On June 28, 2016 Michelle Maratto Itkowitz taught a Lawline Continuing Education program entitled Short Term Leasing Evictions; the program focuses on residential evictions resulting from tenants engaging in illegal Airbnb and similar rentals. Learn what is legal and what is not, and what to do about it -- this program is good for landlords OR tenants! The reviews for this one have been outstanding. So far it's got 100% rating - "She was great! More courses by her please!"
On August 28, 2016 Michelle answered this Lawline student's question --
Is an individual co-op or condo apt. covered by the multiple dwelling law and what short term leasing provisions apply to co-op or condo apt. owners besides getting board approval? Also, what are the liability insurance issues that arise and how can they be addressed by people who rent out their unit?
Yes! The Multiple Dwelling Law applies to coops and condos! And, therefore, so does the prohibition against short-term leasing.
I will give you a few other examples of how the MDL applies to coops and condos.
The case that established that the landlord had a nondelegable duty to deal with bedbugs in a Multiple Dwelling was in a coop. Zayas v. Franklin Plaza, 23 Misc.3d 1104(A) (NYC Civ. Ct. NY Cty. 2009).
MDL § 78 requires the “owner” of every multiple dwelling to keep the dwelling in good repair. Liability for negligence in keeping the roof of a condominium in good repair was imposed on the sponsor in Liberman v. Cayre Synergy, 73rd LLC, 108 A.D.3d 426, (1st Dep’t 2013). The court concluded the sponsor owed a nondelegable duty to keep the condominium, including its roof, in good repair, citing MDL § 78. Sponsor breached that duty because the original roof installed did not render the condominium watertight and there was water infiltration into plaintiff’s unit.
Similarly, the requirement in the MDL that a janitor must be provided for any Multiple Dwelling occupied by 13 or more families has been applied to condominium developments. Hatcher v. Board of Managers of the 420 West 23 Street Condominium, 12 Misc. 3d 78 (App. Term 2006), order aff’d, 39 A.D.3d 436 (1st Dep’t 2007). In Hatcher, a nonresident superintendent was employed. In this case, similar to the others, the board of managers was treated as the “owner” for purposes of compliance with statutory provisions.
So…coops and condos located in multiple dwellings (3 or more units) are not getting out of the fact that the prohibition on short-term leasing is codified in the definitions section of the MDL. MDL § 4(8)(a).
Ok so let’s talk about your insurance liability question.
As of this writing, there are no reported cases where a tenant sued a landlord because he or she was harmed in a Multiple Dwelling by another tenant’s short-term leasing guest. Depending on the factual circumstances of such a hypothetical occurrence, however, it is possible that a landlord would be liable and that her insurance would NOT cover the loss.
In Bello v. Campus Realty LLC, 99 A.D.3d 638 (1st Dept. 2012), a multi-family building’s residents brought a premises security action against building’s owner after they were robbed by intruders. The appellate court held that genuine issues of material fact existed that precluded summary judgment in the tenants’ premises security action. The question the trial court needed to contemplate was whether the landlord breached its duty to take minimal security precautions to protect residents from foreseeable criminal acts by failing to remedy an allegedly broken lock on the building’s front door entrance, despite notice of the dangerous condition, and whether the robbery of the residents was foreseeable, given the evidence of prior crimes, including robberies in and around the building.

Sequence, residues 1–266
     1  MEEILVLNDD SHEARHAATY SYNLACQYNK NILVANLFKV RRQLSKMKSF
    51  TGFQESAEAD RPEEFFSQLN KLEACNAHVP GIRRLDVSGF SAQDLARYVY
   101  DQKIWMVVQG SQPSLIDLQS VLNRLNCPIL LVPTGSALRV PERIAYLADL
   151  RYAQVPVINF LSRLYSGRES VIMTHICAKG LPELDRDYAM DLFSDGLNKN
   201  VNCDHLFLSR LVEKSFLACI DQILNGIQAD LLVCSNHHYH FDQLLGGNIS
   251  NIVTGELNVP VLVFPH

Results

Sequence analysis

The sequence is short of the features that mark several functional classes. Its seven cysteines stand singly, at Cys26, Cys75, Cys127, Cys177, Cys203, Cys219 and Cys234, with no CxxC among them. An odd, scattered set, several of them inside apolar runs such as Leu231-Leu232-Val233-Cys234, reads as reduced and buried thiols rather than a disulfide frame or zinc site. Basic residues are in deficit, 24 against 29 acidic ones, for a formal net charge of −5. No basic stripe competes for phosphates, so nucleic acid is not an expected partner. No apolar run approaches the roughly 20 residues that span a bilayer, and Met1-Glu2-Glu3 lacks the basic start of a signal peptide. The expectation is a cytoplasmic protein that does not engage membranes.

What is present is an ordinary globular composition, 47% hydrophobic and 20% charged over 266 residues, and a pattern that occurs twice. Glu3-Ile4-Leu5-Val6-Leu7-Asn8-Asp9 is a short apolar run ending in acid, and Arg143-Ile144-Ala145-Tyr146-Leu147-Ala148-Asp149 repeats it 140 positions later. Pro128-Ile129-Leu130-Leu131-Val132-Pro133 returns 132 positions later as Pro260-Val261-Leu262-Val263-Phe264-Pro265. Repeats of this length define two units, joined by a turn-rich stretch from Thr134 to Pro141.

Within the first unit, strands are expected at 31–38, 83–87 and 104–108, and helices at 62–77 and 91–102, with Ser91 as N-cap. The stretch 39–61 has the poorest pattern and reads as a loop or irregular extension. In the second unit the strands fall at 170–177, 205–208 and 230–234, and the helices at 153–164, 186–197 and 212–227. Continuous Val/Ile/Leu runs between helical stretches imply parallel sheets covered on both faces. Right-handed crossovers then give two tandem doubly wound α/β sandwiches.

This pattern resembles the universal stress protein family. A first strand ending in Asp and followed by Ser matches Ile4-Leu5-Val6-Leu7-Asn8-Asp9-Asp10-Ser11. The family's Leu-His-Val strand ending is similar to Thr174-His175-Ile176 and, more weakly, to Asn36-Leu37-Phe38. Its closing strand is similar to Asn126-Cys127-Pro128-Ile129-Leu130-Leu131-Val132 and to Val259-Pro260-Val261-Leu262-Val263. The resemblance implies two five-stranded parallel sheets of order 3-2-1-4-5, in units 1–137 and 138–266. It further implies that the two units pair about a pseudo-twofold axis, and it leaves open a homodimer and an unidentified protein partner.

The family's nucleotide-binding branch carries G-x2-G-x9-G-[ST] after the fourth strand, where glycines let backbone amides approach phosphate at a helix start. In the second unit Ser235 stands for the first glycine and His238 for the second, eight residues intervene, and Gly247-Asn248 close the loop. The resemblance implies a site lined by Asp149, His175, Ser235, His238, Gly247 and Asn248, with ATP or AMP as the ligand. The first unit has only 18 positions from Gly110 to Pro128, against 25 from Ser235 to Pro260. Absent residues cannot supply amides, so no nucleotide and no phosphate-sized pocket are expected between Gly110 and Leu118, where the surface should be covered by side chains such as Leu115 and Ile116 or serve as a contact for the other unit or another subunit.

The appellate court made the same decision in Carmen P. by Maria P. v. PS & S Realty Corp., 259 A.D.2d 386 (1st dept., 1999) when a fourteen-year-old tenant brought negligence action against landlord for breaching his duty to take precautions against foreseeable criminal assaults on tenants after she was raped by an unknown assailant who forced his way into her apartment. There was evidence that intruders loitered in the hallways, committed robberies, assaults, and drug crimes in the building, and that tenants complained about lack of security.
I have had landlords report to me that their tenants are complaining repeatedly in writing to them about illegal short-term guests of other tenants loitering in the hallways and having raucous parties. The question remains open as to whether such a landlord would be liable if a tenant was harmed by a short-term leasing guest.
In NYC v. Lorimer LLC, ECB Appeal No. 1400672, September 18, 2014 (affirmed 11/20/2014 under Appeal No. 1401013), a tenant who rented four apartments in a multiple dwelling converted them to transient use, resulting in violations and fines. The landlord testified that he had no idea that the tenant had done this and it would have been impossible for him to access these apartments. The ECB did not find this testimony credible, because increased traffic in the building should have alerted landlord to the problem, and landlord did not show that he either physically or legally attempted to gain access and deal with the problem.
The writing is on the wall, in my humble opinion. Have you ever dealt with an insurance company. I will give you a hint – they like to deny claims. If you burn your building down because you are engaged in an illegal act, are you covered? If coop subtenants - or WORSE shareholders - are renting the units illegally on Airbnb and other short-term leasing cites, and there is a loss occasioned by those guests (you don't even burn the building down, guests you never met do!), then I am guessing that neither the shareholder’s nor the board’s insurance would cover the loss. I am not an insurance lawyer and I do not know. I wouldn’t want to be rolling those dice.
Let me know if you need anything else.
Michelle Maratto Itkowitz